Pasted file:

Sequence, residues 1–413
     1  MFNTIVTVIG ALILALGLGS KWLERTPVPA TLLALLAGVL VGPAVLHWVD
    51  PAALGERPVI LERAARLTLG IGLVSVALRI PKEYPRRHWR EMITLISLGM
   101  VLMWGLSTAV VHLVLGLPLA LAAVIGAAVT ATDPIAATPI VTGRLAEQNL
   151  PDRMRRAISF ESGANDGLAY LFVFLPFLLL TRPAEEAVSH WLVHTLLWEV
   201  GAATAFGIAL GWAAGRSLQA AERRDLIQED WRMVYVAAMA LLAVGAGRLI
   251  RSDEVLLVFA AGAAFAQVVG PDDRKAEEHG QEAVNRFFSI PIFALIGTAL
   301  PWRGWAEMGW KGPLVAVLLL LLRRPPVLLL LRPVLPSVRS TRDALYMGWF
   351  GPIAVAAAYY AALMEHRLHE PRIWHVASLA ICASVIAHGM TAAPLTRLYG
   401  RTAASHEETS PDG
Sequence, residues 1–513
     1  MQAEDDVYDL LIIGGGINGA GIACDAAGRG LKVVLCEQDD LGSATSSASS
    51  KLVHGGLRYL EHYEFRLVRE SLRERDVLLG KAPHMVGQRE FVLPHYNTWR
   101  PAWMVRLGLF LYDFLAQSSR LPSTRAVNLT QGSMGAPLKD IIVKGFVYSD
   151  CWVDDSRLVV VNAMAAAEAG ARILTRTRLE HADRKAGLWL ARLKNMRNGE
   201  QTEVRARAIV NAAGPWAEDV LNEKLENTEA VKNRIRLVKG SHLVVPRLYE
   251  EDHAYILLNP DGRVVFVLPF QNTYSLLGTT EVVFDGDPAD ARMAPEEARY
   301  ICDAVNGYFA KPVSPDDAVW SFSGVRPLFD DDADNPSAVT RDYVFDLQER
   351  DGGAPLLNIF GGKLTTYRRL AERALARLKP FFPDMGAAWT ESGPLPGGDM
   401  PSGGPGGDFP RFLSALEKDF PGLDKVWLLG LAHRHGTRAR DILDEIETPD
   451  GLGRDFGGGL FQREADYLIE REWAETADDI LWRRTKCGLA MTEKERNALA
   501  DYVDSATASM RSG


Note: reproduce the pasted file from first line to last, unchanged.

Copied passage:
Sequence, residues 1–413
     1  MFNTIVTVIG ALILALGLGS KWLERTPVPA TLLALLAGVL VGPAVLHWVD
    51  PAALGERPVI LERAARLTLG IGLVSVALRI PKEYPRRHWR EMITLISLGM
   101  VLMWGLSTAV VHLVLGLPLA LAAVIGAAVT ATDPIAATPI VTGRLAEQNL
   151  PDRMRRAISF ESGANDGLAY LFVFLPFLLL TRPAEEAVSH WLVHTLLWEV
   201  GAATAFGIAL GWAAGRSLQA AERRDLIQED WRMVYVAAMA LLAVGAGRLI
   251  RSDEVLLVFA AGAAFAQVVG PDDRKAEEHG QEAVNRFFSI PIFALIGTAL
   301  PWRGWAEMGW KGPLVAVLLL LLRRPPVLLL LRPVLPSVRS TRDALYMGWF
   351  GPIAVAAAYY AALMEHRLHE PRIWHVASLA ICASVIAHGM TAAPLTRLYG
   401  RTAASHEETS PDG
Sequence, residues 1–513
     1  MQAEDDVYDL LIIGGGINGA GIACDAAGRG LKVVLCEQDD LGSATSSASS
    51  KLVHGGLRYL EHYEFRLVRE SLRERDVLLG KAPHMVGQRE FVLPHYNTWR
   101  PAWMVRLGLF LYDFLAQSSR LPSTRAVNLT QGSMGAPLKD IIVKGFVYSD
   151  CWVDDSRLVV VNAMAAAEAG ARILTRTRLE HADRKAGLWL ARLKNMRNGE
   201  QTEVRARAIV NAAGPWAEDV LNEKLENTEA VKNRIRLVKG SHLVVPRLYE
   251  EDHAYILLNP DGRVVFVLPF QNTYSLLGTT EVVFDGDPAD ARMAPEEARY
   301  ICDAVNGYFA KPVSPDDAVW SFSGVRPLFD DDADNPSAVT RDYVFDLQER
   351  DGGAPLLNIF GGKLTTYRRL AERALARLKP FFPDMGAAWT ESGPLPGGDM
   401  PSGGPGGDFP RFLSALEKDF PGLDKVWLLG LAHRHGTRAR DILDEIETPD
   451  GLGRDFGGGL FQREADYLIE REWAETADDI LWRRTKCGLA MTEKERNALA
   501  DYVDSATASM RSG